1. Fascinating! I have at least 5 of these red climbers that fit your description. I came to your site because I was looking for info about own-root roses vs. grafted. I had no idea these might be the roots of other varieties. Now I will probably dig all of them out, even though they are nice in spring.

    1. Hi Caroline! Glad I could help! ‘Dr Huey’ is a very pretty rose, but I agree, he really only looks best in the spring. Carolyn Parker of “Rose Notes” writes a nice post about ‘Dr Huey’ which can be found HERE if you’re interested.

  2. Do not panic when you have seen the unexpected guest emerge from the bottom below the bud union of your beautiful rose. There are three ways to deal with it.
    1. If you treat it like unexpected sucker, just cut and remove it.
    2. You can save it and let it grow stronger for future use as a rootstock cutting, I found the best time to make cutting in Las Vegas (Zone 8b~9a), Southern Nevada is September to October.
    3. If the sucker comes form the bottom of a dead plant or weak plant. Then you can save and train it to your favorite size and graft it with your favorite variety.
    4. For #2 & #3, make sure the Dr Huey sucker not showing any symptom of being virus infested. If so, just cut and discard, do not save for cutting or rootstock.use.

        1. Hi Joe, I’d be happy to look at your photos. You can reach me via the contact tab at the top of your screen.
          ~Laurie

  3. I’ve been trying to figure out who Dr. Huey was named after and the history behind the man not the rose? I know the doctor well in our garden.
    I’ve been working on a rose blog and today is Day 74. It is the 50th Anniversary of The Rose Cottage my Mother’s rose garden. She passed last October after a long hard journey with Alzheimer’s and it is in her honor. Over the last 50 years I have learned a great deal about roses that I am now sharing with photographs, illustrations, books, and the roses in the garden.
    thanks you
    judyaustin

  4. Thank you so much! I bought a house and moved last June and when I was looking at the house, there was a rose with a few red/magenta blooms. I was excited – my very own rose at my very own house! But it never bloomed again. Someone recently suggested that it might be Dr. Huey and that the original rose died and the remaining root stock has continued to grow. After reading your post, I think that indeed I do have a Dr. Huey. They person who suggested it also recommended that I remove him, but I have grown somewhat fond of him and don’t think I can do that.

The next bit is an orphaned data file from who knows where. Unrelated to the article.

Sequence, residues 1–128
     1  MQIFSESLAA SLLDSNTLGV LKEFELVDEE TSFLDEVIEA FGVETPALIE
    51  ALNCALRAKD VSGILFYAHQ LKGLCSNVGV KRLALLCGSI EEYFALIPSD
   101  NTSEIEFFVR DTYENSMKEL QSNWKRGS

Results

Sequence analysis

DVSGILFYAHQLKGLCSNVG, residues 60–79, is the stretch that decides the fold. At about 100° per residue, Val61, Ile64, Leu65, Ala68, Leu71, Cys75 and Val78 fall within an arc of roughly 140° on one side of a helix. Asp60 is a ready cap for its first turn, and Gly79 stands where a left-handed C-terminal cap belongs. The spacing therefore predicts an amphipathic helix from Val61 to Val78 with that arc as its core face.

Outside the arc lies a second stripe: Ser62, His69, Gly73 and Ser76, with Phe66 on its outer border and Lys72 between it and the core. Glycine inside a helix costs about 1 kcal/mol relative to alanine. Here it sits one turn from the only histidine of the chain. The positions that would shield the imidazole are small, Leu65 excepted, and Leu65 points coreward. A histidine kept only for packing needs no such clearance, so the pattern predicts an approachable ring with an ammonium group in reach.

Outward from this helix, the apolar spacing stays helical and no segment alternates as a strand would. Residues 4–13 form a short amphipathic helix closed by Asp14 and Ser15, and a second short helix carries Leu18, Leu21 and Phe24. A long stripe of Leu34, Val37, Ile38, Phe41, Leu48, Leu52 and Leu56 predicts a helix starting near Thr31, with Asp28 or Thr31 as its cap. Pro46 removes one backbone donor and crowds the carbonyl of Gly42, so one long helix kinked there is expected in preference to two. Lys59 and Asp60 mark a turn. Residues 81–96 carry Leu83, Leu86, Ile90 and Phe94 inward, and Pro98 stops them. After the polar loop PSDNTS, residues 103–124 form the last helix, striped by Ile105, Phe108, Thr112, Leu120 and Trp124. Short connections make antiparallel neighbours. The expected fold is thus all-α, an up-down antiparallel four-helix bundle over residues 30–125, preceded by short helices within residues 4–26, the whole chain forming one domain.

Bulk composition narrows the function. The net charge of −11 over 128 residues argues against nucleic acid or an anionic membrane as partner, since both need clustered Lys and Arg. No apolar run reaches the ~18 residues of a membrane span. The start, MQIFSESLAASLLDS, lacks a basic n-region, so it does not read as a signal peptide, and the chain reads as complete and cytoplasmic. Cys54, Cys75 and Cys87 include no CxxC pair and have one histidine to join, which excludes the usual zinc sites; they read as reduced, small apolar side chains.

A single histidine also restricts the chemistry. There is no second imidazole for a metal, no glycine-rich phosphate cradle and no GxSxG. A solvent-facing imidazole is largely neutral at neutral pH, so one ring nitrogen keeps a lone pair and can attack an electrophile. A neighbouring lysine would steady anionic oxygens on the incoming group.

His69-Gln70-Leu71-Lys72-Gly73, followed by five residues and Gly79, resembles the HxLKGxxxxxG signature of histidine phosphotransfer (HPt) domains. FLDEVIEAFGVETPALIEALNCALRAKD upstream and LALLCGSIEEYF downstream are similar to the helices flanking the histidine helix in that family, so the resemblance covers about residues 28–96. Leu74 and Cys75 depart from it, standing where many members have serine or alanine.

1. Hi Amber, I’m so glad this post was helpful to you!
      I think Dr Huey is very beautiful when it blooms, so I agree with you, if you love it then why not keep it? Roses are meant to be enjoyed after all! 🙂

  5. Before moving to my new house, took cuttings from all the plants in the garden of my old house, including a gorgeous David Austin rose, of which I planted 9 in a row at the front of my house. This means that all of the roses were self rooted. It came as a surprise to me to find that somehow, I managed to get a root cutting from the original parent plant as I found the Dr growing happily among my David Austin roses. I dug the Dr out and planted it in a pot, my neighbour saw it, liked it and so I gave it to her after explaining that it was actually rootstock. Last summer I discovered a couple more Dr Hueys popping up next to roses I have purchased since moving here, they too have been removed and are now growing in pots.

  6. I found Dr. Huey growing in my back garden just yesterday.

    When we bought the house almost 30 years ago their was an heirloom rose bush in back, one of the first to ever be deliberately cultivated, almost like wild roses except for the color. And this year two stems of it bloomed dark red and fully double, unlike the others.

    I kind of like the double bush, but I guess I’ll need to take a cutting from the older rose and grow it with its own roots if I want to protect it. I wonder why it took so long for Dr. Huey to show up.

  7. After all these years–we owned the house since the 90’s, I finally understand why I have all these red roses! Last summer I bought autumn Sunset; this spring suddenly it was vigorous, and came out red.
    Question: how do I know if the original graft is dead?

    1. Hi Edwina! Sometimes you’ll see both Dr Huey and the rose you wanted sort of growing together, in which case you can still salvage the original by removing the suckering Dr Huey canes. If you haven’t seen the other rose in a while though, chances are pretty good it’s not coming back.